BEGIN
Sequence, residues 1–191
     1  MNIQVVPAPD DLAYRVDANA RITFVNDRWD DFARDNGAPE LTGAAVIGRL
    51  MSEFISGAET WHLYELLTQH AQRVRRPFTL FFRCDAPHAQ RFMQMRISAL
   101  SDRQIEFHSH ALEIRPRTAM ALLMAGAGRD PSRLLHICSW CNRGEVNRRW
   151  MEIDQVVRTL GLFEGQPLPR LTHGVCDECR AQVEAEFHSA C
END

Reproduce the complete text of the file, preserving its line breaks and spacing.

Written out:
Sequence, residues 1–191
     1  MNIQVVPAPD DLAYRVDANA RITFVNDRWD DFARDNGAPE LTGAAVIGRL
    51  MSEFISGAET WHLYELLTQH AQRVRRPFTL FFRCDAPHAQ RFMQMRISAL
   101  SDRQIEFHSH ALEIRPRTAM ALLMAGAGRD PSRLLHICSW CNRGEVNRRW
   151  MEIDQVVRTL GLFEGQPLPR LTHGVCDECR AQVEAEFHSA C